#171. Have You Noticed?Posted on
Food price inflation in 2007 rose twice as fast as overall inflation. On an annual basis, 2007 retail food prices rose 4 percent above 2006 levels, outpacing the 2.3 percent gains in core consumer price inflation, a measure that excludes the volatile food and energy sectors. And, perhaps more important, food price inflation accelerated as the year progressed. By December, retail food prices had posted their biggest annual gain since 1990.
In 2008, food price inflation is expected to ease but remain high by historical standards. In December, the USDA forecast annual food price inflation to range between 3 and 4 percent, below 2007 gains but well above the ten-year average of 2.6 percent. Labor costs have emerged as the biggest component of the retail food dollar. Labor is used to process and manufacture food, serve food at restaurants, and sell good at supermarkets and other food stores. In the year ahead, labor costs are expected to fuel food price increases.
Energy prices are also a large component of the retail food dollar, boosting prices by raising the costs of processing, manufacturing, and transporting food. Surging energy costs will continue to translate into higher food prices in 2008. Historically, food prices have surged during times of higher crude oil prices. With the inherent volatility of energy markets, the impact of energy on food prices is highly uncertain.
The farm commodity share of the retail food dollar has also been declining because increases in farm commodity prices have been relatively modest. After rising sharply in the 1970s, commodity prices have been relatively flat, even with annual price spikes. For example, U.S. corn prices averaged $2.10 from 2000 to 2005, equaling the average annual price of corn in the 1970s. A similar story emerged for wheat, soybeans, pork, beef, and milk prices. Historically, farm commodity prices have moved in tandem with retail food prices. The two are expected to move together in 2008.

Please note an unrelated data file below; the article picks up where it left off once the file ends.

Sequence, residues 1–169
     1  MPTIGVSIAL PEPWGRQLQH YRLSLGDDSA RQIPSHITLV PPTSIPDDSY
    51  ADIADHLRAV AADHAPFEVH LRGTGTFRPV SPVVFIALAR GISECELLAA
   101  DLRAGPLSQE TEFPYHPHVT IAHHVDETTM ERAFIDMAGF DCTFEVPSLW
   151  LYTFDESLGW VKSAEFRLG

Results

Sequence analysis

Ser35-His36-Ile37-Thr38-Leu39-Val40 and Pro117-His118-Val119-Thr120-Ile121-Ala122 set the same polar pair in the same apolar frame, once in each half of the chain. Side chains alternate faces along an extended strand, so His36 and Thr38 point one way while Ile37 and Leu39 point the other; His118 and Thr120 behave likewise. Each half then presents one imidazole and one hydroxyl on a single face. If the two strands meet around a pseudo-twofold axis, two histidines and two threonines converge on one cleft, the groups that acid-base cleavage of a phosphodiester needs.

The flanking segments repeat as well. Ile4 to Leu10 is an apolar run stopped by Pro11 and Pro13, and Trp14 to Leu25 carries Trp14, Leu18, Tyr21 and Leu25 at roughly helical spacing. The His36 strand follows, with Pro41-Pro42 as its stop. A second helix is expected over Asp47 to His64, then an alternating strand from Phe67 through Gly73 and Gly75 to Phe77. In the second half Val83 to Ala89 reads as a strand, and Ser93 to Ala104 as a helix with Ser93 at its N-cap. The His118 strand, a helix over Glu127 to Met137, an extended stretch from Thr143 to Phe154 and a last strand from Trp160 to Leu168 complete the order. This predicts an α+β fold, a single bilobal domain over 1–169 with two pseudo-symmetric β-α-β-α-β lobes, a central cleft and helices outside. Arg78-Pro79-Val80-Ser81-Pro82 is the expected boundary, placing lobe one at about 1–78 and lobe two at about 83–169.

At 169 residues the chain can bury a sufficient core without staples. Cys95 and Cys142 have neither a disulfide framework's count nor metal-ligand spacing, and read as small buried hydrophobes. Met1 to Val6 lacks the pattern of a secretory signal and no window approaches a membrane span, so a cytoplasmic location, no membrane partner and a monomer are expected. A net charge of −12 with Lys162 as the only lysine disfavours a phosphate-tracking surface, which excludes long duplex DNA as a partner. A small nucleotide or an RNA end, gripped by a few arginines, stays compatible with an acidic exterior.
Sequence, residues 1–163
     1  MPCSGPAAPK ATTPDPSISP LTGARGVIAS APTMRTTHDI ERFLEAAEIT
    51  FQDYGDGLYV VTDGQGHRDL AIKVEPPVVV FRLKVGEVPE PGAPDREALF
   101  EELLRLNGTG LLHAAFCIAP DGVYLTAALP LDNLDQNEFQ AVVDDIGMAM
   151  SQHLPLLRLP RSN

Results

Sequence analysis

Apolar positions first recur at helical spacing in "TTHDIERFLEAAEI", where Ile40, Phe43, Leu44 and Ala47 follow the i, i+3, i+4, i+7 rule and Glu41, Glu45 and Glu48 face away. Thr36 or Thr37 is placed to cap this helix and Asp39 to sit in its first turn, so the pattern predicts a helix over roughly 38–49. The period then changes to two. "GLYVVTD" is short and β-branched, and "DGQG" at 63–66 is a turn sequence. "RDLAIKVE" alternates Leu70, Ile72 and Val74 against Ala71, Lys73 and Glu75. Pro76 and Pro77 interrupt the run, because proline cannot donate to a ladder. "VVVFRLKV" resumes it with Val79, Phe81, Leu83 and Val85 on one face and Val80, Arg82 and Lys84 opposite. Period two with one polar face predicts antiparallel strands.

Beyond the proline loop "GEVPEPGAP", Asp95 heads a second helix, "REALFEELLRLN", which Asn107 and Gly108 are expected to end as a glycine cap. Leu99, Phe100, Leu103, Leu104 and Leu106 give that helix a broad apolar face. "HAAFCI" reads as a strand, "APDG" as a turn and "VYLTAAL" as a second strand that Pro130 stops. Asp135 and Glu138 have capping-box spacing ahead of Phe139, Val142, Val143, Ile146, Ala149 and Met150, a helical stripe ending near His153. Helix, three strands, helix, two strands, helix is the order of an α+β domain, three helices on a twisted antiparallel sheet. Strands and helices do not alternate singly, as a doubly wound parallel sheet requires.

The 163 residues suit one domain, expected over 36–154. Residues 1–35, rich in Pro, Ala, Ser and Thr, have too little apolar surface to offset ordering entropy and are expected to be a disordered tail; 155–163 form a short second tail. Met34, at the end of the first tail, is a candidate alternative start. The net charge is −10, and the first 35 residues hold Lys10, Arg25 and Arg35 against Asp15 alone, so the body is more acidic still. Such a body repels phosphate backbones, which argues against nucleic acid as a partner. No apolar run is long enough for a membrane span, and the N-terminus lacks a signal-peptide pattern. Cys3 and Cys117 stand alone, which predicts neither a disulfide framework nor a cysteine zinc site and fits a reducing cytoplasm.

Many of you from a rural and/or farm background have undoubtedly heard “urbanites” say they don’t care what the price of corn is. I can assure you, as the price of groceries and eating out continues to climb, EVERYONE is going to be concerned about the price of corn!
The new record prices for many agricultural crops like soybeans, corn, wheat, rice and others are having a profound impact upon many rural communities, reminiscent of the 1970s. Those heady times were followed by a severe ag recession (some would call it a depression) in the 1980s that severely altered the ag landscape in many areas. We hope that this new boom in ag is longer lived and will have a more positive and longer lasting impact in rural America.